Kim Silva Awning December 02nd, 2019 - 18:59:34
Here are a few helpful tips for installations: Always attach retractable awning mounting brackets to a load-bearing part of the building, like a stud, joist, rafter, brick, or beam, depending on the mounting option. Use a chalk line and level. Its just easier than trying to eyeball whether the awning or screen is even. Because of the weight of the awning and to keep everything properly positioned, have two people working on the retractable awning installation. Read the instructions in the kit or on the companys website. When in doubt, call the manufacturers customer service line.In a decent afternoon of work, you can have a lovely retractable awning or drop screen installed over a patio, garden, eating area, walkway - wherever you want to make a pleasing, comfortably shaded haven.
Buying Smart Retractable awnings offer potential to business owners to improve their public exposure affirmatively - in a way that is still cost-efficient and simple. Maximize that investment: Get commercial frames. The best-engineered frames are from Europe, and these are the commercial-grade awnings. Residential (medium quality) awnings and their components are made in the US, while budget awnings are generally from China and are of the lowest quality. o Buy online. For one thing, buying online costs about 35% less than buying from a brick and mortar store. A good online company will provide 3D images of what the awning will look like on your building, fabric samples, and ample installation support, along with long warranties, so theres no risk in the product quality. Look for engineering quality, meaning TÜV and Eurolab certifications. These mean the frame has been thoroughly tested. Get automatic accessories. According to industry studies, motorized retractable awnings are four times more likely to be used than manually operated awnings. Other features like sensors (for sun, wind, rain, and motion), pitch adjustment for rain runoff, and remote controls can also improve retractable awning use.
Energy savings. Retractable awnings and vertical drop screens can lower indoor temperatures by 75% and cut air conditioning use by 25%, which significantly lowers energy bills. Element protection. Awnings and drop screens protect areas from weather like rain and wind or from glare and UV rays from the sun. Allergen protection, particularly by vertically-hanging awnings used as screens around patios. Privacy for activity areas such as spas or hot tubs and pools. Retractable awnings can be used for any kind of outdoor exposure, like patios and seating areas, and for indoor areas, such as over windows and doors. There are significant differences between.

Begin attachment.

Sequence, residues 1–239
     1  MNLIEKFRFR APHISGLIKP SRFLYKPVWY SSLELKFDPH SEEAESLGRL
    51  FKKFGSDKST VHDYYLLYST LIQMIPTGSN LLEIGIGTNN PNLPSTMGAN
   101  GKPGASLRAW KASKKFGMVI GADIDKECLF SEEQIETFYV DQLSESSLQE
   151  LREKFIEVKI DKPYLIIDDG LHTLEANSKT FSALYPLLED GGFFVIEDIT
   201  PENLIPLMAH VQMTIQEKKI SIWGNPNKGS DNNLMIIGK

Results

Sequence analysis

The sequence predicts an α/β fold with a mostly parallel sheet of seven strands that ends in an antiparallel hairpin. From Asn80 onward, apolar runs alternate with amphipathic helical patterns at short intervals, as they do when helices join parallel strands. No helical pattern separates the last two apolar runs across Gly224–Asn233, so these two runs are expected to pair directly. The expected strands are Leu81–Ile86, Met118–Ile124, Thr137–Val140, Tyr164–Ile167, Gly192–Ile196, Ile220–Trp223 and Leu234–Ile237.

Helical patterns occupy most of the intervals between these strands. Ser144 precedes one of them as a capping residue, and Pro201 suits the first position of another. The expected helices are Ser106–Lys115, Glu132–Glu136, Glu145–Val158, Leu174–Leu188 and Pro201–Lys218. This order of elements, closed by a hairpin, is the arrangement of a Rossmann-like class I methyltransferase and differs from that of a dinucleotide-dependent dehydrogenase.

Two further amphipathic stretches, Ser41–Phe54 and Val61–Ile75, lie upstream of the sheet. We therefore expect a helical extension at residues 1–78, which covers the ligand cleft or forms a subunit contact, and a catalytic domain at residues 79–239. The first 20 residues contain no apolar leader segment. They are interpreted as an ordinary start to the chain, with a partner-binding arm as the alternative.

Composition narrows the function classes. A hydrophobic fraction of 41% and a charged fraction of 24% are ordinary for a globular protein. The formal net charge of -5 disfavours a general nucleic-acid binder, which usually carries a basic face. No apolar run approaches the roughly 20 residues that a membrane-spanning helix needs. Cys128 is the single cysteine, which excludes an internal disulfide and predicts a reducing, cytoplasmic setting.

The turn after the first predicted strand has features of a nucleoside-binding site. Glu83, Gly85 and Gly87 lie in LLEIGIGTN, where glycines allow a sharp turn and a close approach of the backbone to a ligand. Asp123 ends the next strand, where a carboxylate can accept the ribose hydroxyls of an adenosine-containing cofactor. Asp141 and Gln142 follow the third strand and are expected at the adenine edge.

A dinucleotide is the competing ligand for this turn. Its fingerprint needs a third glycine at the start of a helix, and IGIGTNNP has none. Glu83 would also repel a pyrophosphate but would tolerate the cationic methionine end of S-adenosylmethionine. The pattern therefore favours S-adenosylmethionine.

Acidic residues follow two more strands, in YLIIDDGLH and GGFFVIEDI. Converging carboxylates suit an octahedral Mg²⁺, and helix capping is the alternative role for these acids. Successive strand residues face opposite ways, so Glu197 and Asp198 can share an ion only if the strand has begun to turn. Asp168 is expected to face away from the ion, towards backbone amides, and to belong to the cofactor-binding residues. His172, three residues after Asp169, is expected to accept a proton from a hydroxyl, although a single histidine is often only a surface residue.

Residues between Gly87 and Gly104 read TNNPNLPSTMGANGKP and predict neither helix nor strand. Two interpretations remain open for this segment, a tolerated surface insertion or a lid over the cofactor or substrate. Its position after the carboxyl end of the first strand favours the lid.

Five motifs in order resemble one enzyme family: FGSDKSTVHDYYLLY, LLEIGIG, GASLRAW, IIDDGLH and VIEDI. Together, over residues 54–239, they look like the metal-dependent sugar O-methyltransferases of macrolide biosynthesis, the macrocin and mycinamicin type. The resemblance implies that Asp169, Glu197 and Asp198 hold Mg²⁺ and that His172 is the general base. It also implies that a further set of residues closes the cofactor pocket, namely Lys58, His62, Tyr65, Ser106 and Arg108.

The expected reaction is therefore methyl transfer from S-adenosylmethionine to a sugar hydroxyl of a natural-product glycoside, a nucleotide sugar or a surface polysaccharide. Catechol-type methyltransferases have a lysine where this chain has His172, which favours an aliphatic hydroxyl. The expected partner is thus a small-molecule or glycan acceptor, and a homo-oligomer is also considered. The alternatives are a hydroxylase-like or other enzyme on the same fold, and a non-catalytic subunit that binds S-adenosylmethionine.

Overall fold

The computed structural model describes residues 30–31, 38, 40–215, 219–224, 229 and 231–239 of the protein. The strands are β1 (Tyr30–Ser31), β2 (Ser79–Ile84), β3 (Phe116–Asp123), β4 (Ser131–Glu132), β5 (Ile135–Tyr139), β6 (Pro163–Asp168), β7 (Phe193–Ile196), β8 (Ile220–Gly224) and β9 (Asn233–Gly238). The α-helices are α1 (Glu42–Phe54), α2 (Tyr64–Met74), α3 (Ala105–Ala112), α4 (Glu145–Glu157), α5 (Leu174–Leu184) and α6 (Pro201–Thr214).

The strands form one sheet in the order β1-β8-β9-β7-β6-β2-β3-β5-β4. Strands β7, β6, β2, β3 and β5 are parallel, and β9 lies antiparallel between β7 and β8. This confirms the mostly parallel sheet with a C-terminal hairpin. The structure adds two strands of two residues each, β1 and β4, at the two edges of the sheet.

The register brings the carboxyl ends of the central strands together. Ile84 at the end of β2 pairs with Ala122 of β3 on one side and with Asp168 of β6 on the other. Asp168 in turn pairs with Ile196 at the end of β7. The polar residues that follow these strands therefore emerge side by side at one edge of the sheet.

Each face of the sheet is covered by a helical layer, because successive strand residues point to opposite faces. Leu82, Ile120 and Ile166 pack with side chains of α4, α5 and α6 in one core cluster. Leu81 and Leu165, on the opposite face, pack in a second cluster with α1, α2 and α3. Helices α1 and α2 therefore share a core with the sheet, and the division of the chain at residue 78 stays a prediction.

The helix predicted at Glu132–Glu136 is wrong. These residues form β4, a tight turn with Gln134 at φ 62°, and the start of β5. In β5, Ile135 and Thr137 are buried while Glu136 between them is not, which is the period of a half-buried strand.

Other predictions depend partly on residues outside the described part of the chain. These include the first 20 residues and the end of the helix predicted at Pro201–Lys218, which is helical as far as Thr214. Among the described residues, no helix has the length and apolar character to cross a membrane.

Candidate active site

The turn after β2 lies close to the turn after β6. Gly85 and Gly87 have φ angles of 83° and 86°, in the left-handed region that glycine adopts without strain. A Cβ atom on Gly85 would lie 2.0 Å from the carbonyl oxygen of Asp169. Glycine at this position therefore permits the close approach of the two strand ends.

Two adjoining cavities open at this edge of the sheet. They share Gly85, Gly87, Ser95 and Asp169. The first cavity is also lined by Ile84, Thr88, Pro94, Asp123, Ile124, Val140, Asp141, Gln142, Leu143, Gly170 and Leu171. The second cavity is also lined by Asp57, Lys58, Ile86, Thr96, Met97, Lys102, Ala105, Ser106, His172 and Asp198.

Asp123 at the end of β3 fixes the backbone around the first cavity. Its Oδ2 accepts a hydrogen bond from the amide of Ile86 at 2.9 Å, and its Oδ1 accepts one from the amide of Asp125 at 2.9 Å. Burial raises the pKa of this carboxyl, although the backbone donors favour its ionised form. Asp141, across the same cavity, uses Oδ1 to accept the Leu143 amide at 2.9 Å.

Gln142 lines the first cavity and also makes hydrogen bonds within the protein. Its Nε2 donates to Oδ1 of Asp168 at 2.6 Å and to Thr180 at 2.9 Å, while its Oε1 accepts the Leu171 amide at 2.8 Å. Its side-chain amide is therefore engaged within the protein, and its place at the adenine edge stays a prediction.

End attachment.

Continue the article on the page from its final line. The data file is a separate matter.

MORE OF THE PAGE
Where should the awning be placed? If the goal is to lower energy costs, than the awnings should cover windows or doors facing the direction that receives the most sustained sun. If the awning is to extend comfortable living areas outdoors, consider large awnings or series of awnings that track the sun and control glare, heat, and UV rays. What design suits the living space and purpose? Retractable awnings can be custom-sized to fit the target area exactly. Additionally, there are dozens of different retractable awning styles, like small canopies for windows, elongated dome canopy awnings for wide exteriors, or vertical screens and side arm/drop arm retractable awnings for patios. Make sure you find the kind of style that best fits your space. Does the awning need to retract? Under what circumstances? Retractable awnings have a variety of sensors and accessories which control the awning automatically. Sun, rain, motion, and wind sensors can automatically retract the awning to protect them from the elements or to extend them to provide protection at the required time.
In addition to the practical reasons, Europe has had a long aesthetic tradition with awnings, so retractable awnings are a natural part of any home design, and that organically led into creative and adventurous designs, which made using awnings even more appealing. The US, on the other hand, has had historically cheap and accessible energy, with widespread air conditioning and central air systems. Combined with suburb-motivated home designs, neither energy nor aesthetics has given a compelling reason to include retractable awnings on homes as a standard practice. Energy shortages and price increases in the 1970s, though, did begin bringing retractable awnings to the popular mind as a functional solution for energy efficiency.
Arms - the part of the frame which folds closed at the elbow when the awning is retracted (rolls in) and opens when the awning is extended (rolls out). Shoulder - the joints on the retractable awning arms where arms attach to the mounting bar. Front bar - the extrusion at the very front of the awning frame. Hood - a cover which fits over the retractable awning frame and fabric; when the awning is fully retracted, the hood protects the exposed fabric, frame, and motor from the elements. Valance - a strip of fabric, usually a few inches high, which hangs from the front bar of the retractable awning. Rib - the cross bars of the frame which support the awning fabric. Not every awning style has ribs, since ribs are often used to create a shape to the awning frame; for example, lateral arm retractable awnings dont have any ribs. Canopy - an elongated, dome, or waterfall style retractable awning.